16 March 2015

Annotated Game #144: Who deserves to win?

This fifth-round tournament game saw my opponent apply a great deal of sustained pressure and he clearly felt as if he missed a win.  To my benefit, he kept playing for winning chances past the point where he had any real threats and ended up in a losing endgame.  I was then able to finish him off shortly after the time control using two tactical maneuvers, which I credit my tactics training for allowing me to find and have the confidence to employ.

During the game I generally shared the perception of White having had all the chances.  White certainly held the initiative for a long period, but with careful defense I was able to neutralize all of his threats; analysis shows that White after his move 14 never had a real advantage.  My own negative perception of the game stemmed largely from some poor choices I made in the opening, essentially boxing in my own pieces unnecessarily (particularly the queen and the poor bishop on c8).  In the end, however, it was the reality on the board that determined the winner.  This is a good general lesson for when you are the defender in a game; simply because you are on the defense does not mean your game is bad, and you should not miss a chance to strike a winning counterblow.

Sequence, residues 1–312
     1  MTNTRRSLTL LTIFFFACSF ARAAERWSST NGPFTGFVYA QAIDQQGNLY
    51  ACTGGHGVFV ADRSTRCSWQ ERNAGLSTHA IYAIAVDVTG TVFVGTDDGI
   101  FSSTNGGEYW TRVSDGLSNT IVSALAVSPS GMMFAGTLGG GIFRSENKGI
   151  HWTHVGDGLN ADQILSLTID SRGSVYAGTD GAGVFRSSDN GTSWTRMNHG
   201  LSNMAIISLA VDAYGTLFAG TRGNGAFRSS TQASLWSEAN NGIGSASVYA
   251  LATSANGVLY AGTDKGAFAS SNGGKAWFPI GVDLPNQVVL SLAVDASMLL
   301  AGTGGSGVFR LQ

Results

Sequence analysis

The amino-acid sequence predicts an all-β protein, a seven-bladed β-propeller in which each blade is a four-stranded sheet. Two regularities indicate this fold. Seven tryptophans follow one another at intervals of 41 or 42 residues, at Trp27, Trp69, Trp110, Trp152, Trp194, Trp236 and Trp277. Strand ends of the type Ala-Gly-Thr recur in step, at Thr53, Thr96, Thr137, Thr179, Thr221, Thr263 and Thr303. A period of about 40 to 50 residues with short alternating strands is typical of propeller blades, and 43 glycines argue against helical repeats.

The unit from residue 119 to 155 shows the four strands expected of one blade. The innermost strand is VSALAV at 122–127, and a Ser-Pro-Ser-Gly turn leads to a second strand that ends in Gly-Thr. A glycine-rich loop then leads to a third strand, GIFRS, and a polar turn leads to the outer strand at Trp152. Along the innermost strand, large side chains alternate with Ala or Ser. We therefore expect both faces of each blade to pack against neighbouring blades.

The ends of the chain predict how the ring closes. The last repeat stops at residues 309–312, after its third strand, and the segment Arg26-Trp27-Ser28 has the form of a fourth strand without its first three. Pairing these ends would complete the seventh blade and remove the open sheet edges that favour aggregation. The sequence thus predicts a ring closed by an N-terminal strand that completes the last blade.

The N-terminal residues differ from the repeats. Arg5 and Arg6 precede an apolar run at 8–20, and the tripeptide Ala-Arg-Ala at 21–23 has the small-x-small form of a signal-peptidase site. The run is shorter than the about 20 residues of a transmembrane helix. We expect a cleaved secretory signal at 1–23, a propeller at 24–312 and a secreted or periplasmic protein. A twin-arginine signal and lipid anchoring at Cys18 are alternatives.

[Event "?"] [Site "?"] [Date "????.??.??"] [Round "?"] [White "Class B"] [Black "ChessAdmin"] [Result "0-1"] [ECO "B14"] [Annotator "ChessAdmin/Houdini/Komodo 8"] [PlyCount "93"] [EventDate "2013.01.20"] [EventRounds "7"] {B14: Caro-Kann: Panov-Botvinnik Attack with 5...e6 and 5...g6} 1. e4 c6 2. c4 d5 3. exd5 cxd5 4. d4 Nf6 5. Nc3 e6 6. Bf4 {a new move to me. Normally development continues with Nf3 first, with perhaps Bg5 to follow.} Bd6 { challenging the bishop directly seemed the best option at the time.} (6... Bb4 {is what is played the majority of the time in the database.} 7. Bd3 dxc4 8. Bxc4 O-O 9. Nge2 a6 10. a3 Be7 11. Qd3 b5 12. Qf3 Ra7 13. Bd3 Rd7 14. Rd1 Bb7 15. Qh3 Nc6 16. O-O g6 17. Be5 Nxe5 18. dxe5 Nd5 19. Nxd5 Bxd5 20. Nd4 Bc4 21. Qf3 {Mateo,R (2484)-San Segundo Carrillo,P (2542) Donostia 2008 0-1 (31)}) 7. Bg3 {this surprised me a bit, but it seems like a principled retreat.} O-O $11 {a perfectly reasonable move, but now out of the database. Black has equalized without any trouble.} 8. Nf3 Bxg3 {perhaps premature and certainly giving White the idea of the kingside attack down the h-file. I was concerned about White dominating the e5 square after an eventual Ne5.} (8... Nc6 {simple development should be fine here.}) 9. hxg3 Nbd7 $6 {this is too slow and an unnecessary way to develop the knight. Nc6 would have left the d7 square open and also allowed the knight to be transferred via e7 to g6 for defense.} 10. Qc2 Re8 11. Ne5 {White now dominates the e5 square and Black cannot take immediately due to the threat to h7.} g6 $6 {the wrong way to defend h7.} ( 11... h6 12. Be2 $11) 12. O-O-O dxc4 {I played this with the idea that it would help free Black's game by opening the c-file. However, White's bishop goes to a useful square and his rooks are connected, giving him a slight plus.} (12... a6 {is a superior way of executing the plan, taking away the b5 square first and also preparing ...b5 as an advance. For example} 13. Bd3 dxc4 14. Nxc4 (14. Bxc4 b5 15. Bd3 Bb7 $15) 14... Qc7 $11) 13. Bxc4 Qe7 {with the idea of moving it to g7 for defense and some potentially useful pressure on the long diagonal. However, it effectively boxes the queen in and does nothing to pressure White.} (13... a6 14. Bd3 Qc7 $14) 14. Rh6 $6 {this allowed me to get in the following sequence, which rids me of the problem of the Ne5.} (14. Qd2 { looks good for White, with a much better diagonal for the queen to use to generate threats.}) 14... Nxe5 $11 15. dxe5 Ng4 {the points of the sequence.} 16. Rh4 Nxe5 {White has full compensation for the pawn with superior development and potential threats on the h-file, but this is still a great improvement for Black, who at least has some material on his side now.} 17. Rdh1 {here I considered moving the f-pawn, which would have defended h7 with the queen. The engine supports moving the h-pawn, however.} h5 18. Be2 { threatening to sacrifice on h5 for the breakthrough.} f5 {played after some intense thought. The f5 pawn now blocks the White queen's access.} 19. Kb1 { a prudent move that takes the king away from the potential check on g5, although White currently could play f4 in response, forking the queen and knight.} Qg7 {necessary to protect the g6 pawn and h8 in some variations.} ( 19... Bd7 20. f4 Nf7 21. g4 $11) 20. f4 {this would have been a bit more effective earlier. Played now, I felt this let me off the hook, to a large extent, allowing the next knight move. Advancing pawns always leave weaknesses behind them.} (20. f3 $5 $11) 20... Ng4 {White now has no prospect of forcing his way through.} 21. Bxg4 fxg4 (21... hxg4 $4 {obviously bad to re-open the h-file, for example} 22. Qd2 b5 23. Qd6 $18 {threatening Qe5 to exchange off the defending Qg7 and penetrating with the rooks on the h-file.}) 22. Qb3 Qf7 { breaking the pin.} 23. Nb5 Qf5+ (23... Rd8 {would be better played immediately, defending against the fork threat.} 24. Ka1 e5 25. Qxf7+ Kxf7 26. fxe5 Rd2 27. Rf1+ Ke7 $19 {with a significant endgame advantage.}) 24. Ka1 $11 Rd8 { protecting against the knight forks on c7 and d6} 25. Nc7 Rb8 {here White could have forced a draw by repetition, but was frustrated by his previous inability to break through and kept playing for winning chances.} 26. Re1 $2 { the added pressure on e6 is illusory, due to White's back-rank problem.} (26. Na6 Ra8 27. Nc7 Rd3 $11) 26... Bd7 {this holds equality, but the engine finds a better and more dynamic way of playing, forcing an exchange of queens into a winning endgame (see below variation). Black's undeveloped queenside is painful and at the time I was focused on getting the piece into play.} (26... Qd3 {and Black has the better game.} 27. Rhh1 (27. Qxd3 $2 Rxd3 28. Rhh1 Rxg3 29. Rd1 Rxg2 30. Rd8+ Kf7 $19 {and Black's kingside pawns are winners.}) 27... Qxb3 28. axb3 Kf7 $17) 27. Re5 {White continues to make a series of one-move threats, which however are easily parried.} Qf7 28. Rh1 (28. Nxe6 $2 {does not work out well for White:} Re8 29. Nc5 Qxb3 30. axb3 Rxe5 31. fxe5 Bc6 {and Black will win back either the g- or e-pawns, with a winning endgame.}) 28... Bc6 {this was not played to threaten the g2 pawn per se, but rather to free Black's game, untangle his pieces and get the bishop into the fight.} 29. Qxe6 $2 {the possibilities for capturing on e6 were complex. My opponent chose the wrong way to do it, leading to the loss.} (29. Nxe6 $5 {would be equal.} Rd6 30. f5 Bxg2 31. Rc1 gxf5 32. Rc7 Rc6 $1 $11) 29... Rd2 $17 {a key move to activate Black's rooks and raise some threats in White's backyard. White no longer has any good choices.} 30. Rhe1 (30. f5 {is inferior, but might have given my opponent the best practical chances.} Qxe6 31. fxe6 Rc8 32. e7 Rxc7 33. e8=Q+ Bxe8 34. Rxe8+ Kg7 {is for example winning for Black, but I might have gone wrong somewhere in the sequence.}) 30... Rbd8 {threatening the back-rank mate on d1.} 31. Qxf7+ {exchanging the queens allows Black to simplify into a winning position more easily, although White had no other real threats left.} Kxf7 $19 32. Re7+ Kf8 {played carefully by me. Now Ne6 does not work due to Kxe7 and White has no useful discovered checks afterwards with the knight.} (32... Kf6 {is no doubt what my opponent was hoping for.} 33. R1e6+ Kf5 34. Rf7#) 33. Kb1 Rd1+ 34. Kc2 {White realizes that exchanging rooks means the end of any counterplay and the probable loss of the g2 pawn. However, Black is now able to accomplish this anyway, on better terms for him.} R8d2+ 35. Kc3 Rd3+ (35... Rxg2 {can in fact be played immediately.} 36. Rxd1 Rxg3+ 37. Kd4 Kxe7 $19) 36. Kb4 (36. Kc4 Rxe1 37. Rxe1 Rxg3 38. Ne6+ Kg8 $19) 36... Rxe1 37. Rxe1 Rxg3 {I now pick up this extra pawn and the g2 pawn is still doomed, leaving me with a simple winning strategy of advancing the kingside pawns..} 38. Ne6+ Kg8 39. Ng5 Rxg2 40. Re6 {even if White takes the g6 pawn, Black can simply run the h-pawn in to victory, as the queening square is controlled by the Bc6.} Rxb2+ 41. Ka3 (41. Kc3 {does not improve anything} Rxa2 42. Rxg6+ Kf8 $19) 41... Rxa2+ $1 {I spot this tactic after some thought, having made time control and under less pressure. The point is that after Kxa2, the Re6 is lost due to the bishop fork on d5 and White's knight cannot stop the kingside pawns by itself.} 42. Kb4 {White avoids the sequence, but ends up quickly lost anyway.} (42. Kxa2 Bd5+ 43. Kb1 Bxe6 44. Nxe6 h4 $19) 42... Ra4+ 43. Kc5 Rxf4 44. Rxg6+ Kh8 {this next sequence required some careful calculation, but it helped knowing that the knight and rook by themselves (i.e. with no obstructions in the path of the Black king) cannot mate.} (44... Kf8 $4 45. Ne6+) 45. Rh6+ Kg7 46. Rxh5 Kg6 {recognizing the possibility of this king fork during my earlier calculations is a direct result of my tactics training.} 47. Ne6 {and my opponent resigned shortly after making the move, seeing that the situation was hopeless.} 0-1